A varied, balanced, and fresh diet with a high nutritional value is extremely important during pregnancy, both for you and for your baby. Eat Foods make labor easier in pregnancy for normal delivery. After all, if you eat a healthy diet and get enough to eat, you don’t have to eat for two. Your weight will then develop normally in the coming months of pregnancy. In fact, the calorie requirement during pregnancy is only slightly higher than that of a non-pregnant woman.

 

Nevertheless, you should definitely eat when you are ravenous but do so sensibly. To prevent these ravenous appetites, you can try to spread out several small meals over the day.

 

Your baby needs a lot of minerals and vitamins for its development, which you take in through the diet both in your and the baby’s organism. Your unborn baby will need a large part of these vitamins and nutrients and therefore a lack of magnesium or iron, for example, can cause physical symptoms. With a conscious diet, you will therefore contribute to your well-being and the wellbeing of your unborn baby.

 

How much you gain during pregnancy does not only depend on your eating habits. Water retention and nausea can give you a few kilos more or less than average. If you feel comfortable enough to exercise for a longer period of time, this will also be noticeable on the scales.

What are the contraction cocktails and how do they work for labor?

Contraction cocktails are drinks to promote contractions, which can trigger contractions by stimulating the activity of the intestines. That is why most recipes also contain a good portion of rhizines oil. This can, but need not, lead to intestinal cramps or diarrhea. Doctors advise against using contractions cocktails with good reason, as they can lead to dehydration, circulation problems, pain, and exhausting intestinal cramps.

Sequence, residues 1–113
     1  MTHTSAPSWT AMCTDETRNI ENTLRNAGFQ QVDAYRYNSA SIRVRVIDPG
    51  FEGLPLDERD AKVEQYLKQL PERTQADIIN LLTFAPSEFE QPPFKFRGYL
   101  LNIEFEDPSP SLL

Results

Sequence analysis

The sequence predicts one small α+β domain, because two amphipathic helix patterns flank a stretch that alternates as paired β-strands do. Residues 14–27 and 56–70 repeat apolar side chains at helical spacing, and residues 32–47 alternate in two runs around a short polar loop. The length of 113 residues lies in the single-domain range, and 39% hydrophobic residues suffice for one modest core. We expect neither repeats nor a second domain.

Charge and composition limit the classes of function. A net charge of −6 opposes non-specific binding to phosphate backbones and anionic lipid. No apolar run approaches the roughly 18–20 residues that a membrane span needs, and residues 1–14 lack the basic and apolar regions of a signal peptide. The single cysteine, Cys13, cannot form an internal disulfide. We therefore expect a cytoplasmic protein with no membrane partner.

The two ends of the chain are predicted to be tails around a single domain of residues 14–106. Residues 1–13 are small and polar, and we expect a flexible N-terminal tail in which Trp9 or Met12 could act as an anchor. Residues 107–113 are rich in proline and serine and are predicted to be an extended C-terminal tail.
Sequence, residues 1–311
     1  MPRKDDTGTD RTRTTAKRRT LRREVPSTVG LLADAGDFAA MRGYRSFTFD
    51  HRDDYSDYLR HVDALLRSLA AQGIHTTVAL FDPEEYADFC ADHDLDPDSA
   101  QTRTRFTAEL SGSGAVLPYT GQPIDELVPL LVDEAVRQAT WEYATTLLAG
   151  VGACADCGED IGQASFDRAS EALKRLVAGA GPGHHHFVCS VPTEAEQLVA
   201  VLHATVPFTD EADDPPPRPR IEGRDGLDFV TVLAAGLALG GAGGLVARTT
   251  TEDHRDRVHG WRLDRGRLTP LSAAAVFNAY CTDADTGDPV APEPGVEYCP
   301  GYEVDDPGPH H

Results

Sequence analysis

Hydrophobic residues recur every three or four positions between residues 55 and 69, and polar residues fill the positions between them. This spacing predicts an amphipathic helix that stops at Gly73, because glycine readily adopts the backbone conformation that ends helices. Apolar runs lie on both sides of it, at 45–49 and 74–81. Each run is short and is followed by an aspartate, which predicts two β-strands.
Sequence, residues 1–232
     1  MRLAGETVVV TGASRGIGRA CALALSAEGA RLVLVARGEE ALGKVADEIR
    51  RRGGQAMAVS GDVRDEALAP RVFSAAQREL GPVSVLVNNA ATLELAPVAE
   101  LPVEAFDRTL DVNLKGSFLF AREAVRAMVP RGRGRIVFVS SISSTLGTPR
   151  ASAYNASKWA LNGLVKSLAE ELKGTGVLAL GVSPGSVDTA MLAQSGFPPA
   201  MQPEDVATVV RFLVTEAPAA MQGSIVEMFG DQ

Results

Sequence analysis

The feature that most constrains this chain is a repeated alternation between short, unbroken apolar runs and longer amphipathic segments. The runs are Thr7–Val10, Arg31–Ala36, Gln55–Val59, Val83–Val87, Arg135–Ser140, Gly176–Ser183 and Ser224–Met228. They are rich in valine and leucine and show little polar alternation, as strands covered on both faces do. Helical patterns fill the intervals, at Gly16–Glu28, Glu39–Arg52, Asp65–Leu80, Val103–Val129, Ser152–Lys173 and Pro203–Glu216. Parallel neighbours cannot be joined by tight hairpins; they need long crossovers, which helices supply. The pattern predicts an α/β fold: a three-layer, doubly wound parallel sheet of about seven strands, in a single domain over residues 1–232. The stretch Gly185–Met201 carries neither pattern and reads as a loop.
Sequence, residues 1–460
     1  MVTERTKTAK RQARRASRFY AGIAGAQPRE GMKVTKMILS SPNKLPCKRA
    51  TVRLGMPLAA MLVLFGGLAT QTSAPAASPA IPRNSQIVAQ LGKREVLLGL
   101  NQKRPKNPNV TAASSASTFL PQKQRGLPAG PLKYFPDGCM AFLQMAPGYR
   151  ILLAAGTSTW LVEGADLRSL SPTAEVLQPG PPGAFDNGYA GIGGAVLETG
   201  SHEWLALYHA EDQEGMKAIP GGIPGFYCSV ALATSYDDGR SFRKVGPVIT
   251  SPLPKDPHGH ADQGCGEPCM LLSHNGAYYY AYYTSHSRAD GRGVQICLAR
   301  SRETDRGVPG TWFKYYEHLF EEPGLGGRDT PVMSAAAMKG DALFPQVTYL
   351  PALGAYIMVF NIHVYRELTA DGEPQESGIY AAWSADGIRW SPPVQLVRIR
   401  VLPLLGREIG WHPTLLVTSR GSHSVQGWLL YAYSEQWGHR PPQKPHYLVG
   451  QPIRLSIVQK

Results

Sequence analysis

The stimulation of contractions only works when the uterus is ready for labor and the cervix is already open. The cocktail should be drunk within 30 minutes.

The “classic” recipe:

2 tablespoons castor oil

2 tablespoons almond paste

250 ml apricot or orange juice

fill up to 0.5 l with mineral water (or sparkling wine)

As infusion:

1 stick of cinnamon

10 cloves

1 small ginger root

Verbena tea (vervain)

How many extra calories do I really need?

Surprisingly, your daily energy requirement during pregnancy is only 200 – 300 calories above the daily requirement of about 2000 calories (approx. 8000 joules) of a non-pregnant woman. This is about the same as natural yogurt with a portion of fruit or a piece of bread and a glass of milk. However, you will only need these extra calories after the first three months of your pregnancy.

 

Later, when you are breastfeeding your baby, you may increase your calorie intake a little to cover your baby’s needs. The recommended additional intake for full breastfeeding is then about 500 calories in the first month, 530 calories in the second month and 570 calories in the third month, and 250 – 300 kcal for partial breastfeeding.

 

There are a few indications of normal weight gain during pregnancy, but these vary greatly from individual to individual. Do not be surprised if you deviate from this. Your gynecologist or midwife will assess whether there is a problem behind it.

 

If you are constantly hungry, do not fight it, but eat sensibly. It is better to eat several small meals a day rather than 2-3 large meals. Eat Foods make labor easier in pregnancy for normal delivery. Resist the temptation as often as possible to satiate yourself with high-calorie treats with low nutritional value. Such “empty” calories will only lead to you gaining kilos that you will have difficulty getting rid of after birth. This is especially true for pregnant women who were already heavily overweight before.